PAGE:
The nerve centre of the prison was the Armory, run by the Armoror in a system specially designed by the prison’s first Warden, James Johnston. The Armoror controlled every electrically-operated door on the island and could lock them all with the flick of a switch. Nobody could enter or leave the main cellblock without his approval. If trouble started the Armoror could simply lock himself in his post, lock down the entire prison, summon emergency support by radio and issue weapons to as many officers as needed them. His arsenal ranged from pistols and revolvers to tear gas launchers, rifles, shotguns and tommy guns.
Even outside the buildings the security was no more relaxed. Armed guards were sited at gun towers around the island, all linked by a catwalk system. Armed guards could patrol the cellblocks in gun galleries. The galleries were separated from the inmate areas by toolproof steel bars, but officers could still turn a cellblock into a shooting gallery if needed. During the Battle of Alcatraz in May, 1946 they did exactly that. The gun towers covered the island’s roads, boat dock, exercise yard and the surrounding water. Any inmate seen running for the water could be shot on sight. Several were.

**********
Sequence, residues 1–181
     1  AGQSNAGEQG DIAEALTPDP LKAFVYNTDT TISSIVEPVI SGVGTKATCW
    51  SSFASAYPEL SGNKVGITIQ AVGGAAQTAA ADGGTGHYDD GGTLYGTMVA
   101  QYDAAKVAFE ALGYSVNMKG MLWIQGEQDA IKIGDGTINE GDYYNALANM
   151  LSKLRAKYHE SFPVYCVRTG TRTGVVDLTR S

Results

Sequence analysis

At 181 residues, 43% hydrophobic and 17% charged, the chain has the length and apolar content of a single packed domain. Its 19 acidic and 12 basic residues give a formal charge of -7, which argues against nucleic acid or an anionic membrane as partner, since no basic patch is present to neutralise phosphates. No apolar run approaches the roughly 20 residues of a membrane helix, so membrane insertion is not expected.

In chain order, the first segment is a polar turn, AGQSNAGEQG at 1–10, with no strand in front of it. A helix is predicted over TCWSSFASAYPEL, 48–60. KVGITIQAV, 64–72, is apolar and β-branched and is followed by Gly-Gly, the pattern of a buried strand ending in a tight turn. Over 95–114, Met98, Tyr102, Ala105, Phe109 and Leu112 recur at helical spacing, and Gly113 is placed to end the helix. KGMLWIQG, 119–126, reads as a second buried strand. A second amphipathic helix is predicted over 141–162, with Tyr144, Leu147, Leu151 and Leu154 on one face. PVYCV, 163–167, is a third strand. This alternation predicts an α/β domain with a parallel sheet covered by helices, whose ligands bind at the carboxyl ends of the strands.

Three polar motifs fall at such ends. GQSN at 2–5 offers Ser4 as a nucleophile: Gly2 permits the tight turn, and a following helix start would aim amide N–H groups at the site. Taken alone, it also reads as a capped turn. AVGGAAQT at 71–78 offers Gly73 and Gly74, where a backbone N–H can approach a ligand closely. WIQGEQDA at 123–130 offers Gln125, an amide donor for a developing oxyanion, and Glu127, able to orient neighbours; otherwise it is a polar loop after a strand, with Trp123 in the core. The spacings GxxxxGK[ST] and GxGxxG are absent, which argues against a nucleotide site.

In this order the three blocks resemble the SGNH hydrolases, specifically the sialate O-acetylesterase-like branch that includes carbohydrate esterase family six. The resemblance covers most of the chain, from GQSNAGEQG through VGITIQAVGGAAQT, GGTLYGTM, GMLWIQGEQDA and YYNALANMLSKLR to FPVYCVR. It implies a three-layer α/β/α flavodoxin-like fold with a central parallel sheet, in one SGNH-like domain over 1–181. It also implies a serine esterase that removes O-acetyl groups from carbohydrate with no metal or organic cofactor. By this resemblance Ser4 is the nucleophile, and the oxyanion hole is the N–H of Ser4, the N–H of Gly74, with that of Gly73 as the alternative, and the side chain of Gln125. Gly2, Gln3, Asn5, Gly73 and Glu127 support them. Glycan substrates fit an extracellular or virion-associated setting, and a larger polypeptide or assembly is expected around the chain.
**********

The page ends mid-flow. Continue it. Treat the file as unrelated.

The mainland itself was 1.5 miles away from the island. Stories spread by officials about specially-trained marksmen in the gun towers weren’t true. Nor were stories about San Francisco Bay being home to man-eating sharks. But while those tall tales were exactly that, other stories were all too true. Stories about the water being barely above freezing even in summer, of currents too strong to swim against sweeping inmates out through the Golden Gate into the Pacific, about underwater currents dragging would-be escapers to watery graves.
Discipline was harsh, too. Loss of privileges was a standard punishment for minor infractions (there were precious few privileges as it was). More serious breaches meant losing time off for good behaviour as well as your day-to-day privileges. More serious offences earned a visit to the dreaded D Block, home to the solitary confinement cells and the ‘Dark Hole.’ The normal solitary cells were standard open-front cells with inmates losing their standard privileges and eating only bread and water every day. Another little irritation was a ban on tobacco for solitary inmates, annoying if you were used to a pack a day and had no books to read or anything else to pass the time.
The ‘Dark Hole’ consisted of six cells without beds, furniture, bedding, toilet or sink (the toilet consisted of a hole in the concrete floor). They had one tap dispensing only cold water and a solid steel door allowing no light at all. The cell walls were painted black, ensure absolute darkness. The maximum amount of time in the ‘Dark Hole’ was mandated by Federal law as being no more than 19 consecutive days.
This didn’t mean a maximum sentence there was 19 days, though. If you were given more than 19 days then you’d spend the 20th day in an ordinary, open-front solitary cell before returning to the ‘Dark Hole for another 19 days and so on until the end of your solitary sentence. Some inmates spent years in the ‘Dark Hole’ with light and warmth only 1 day in every 20.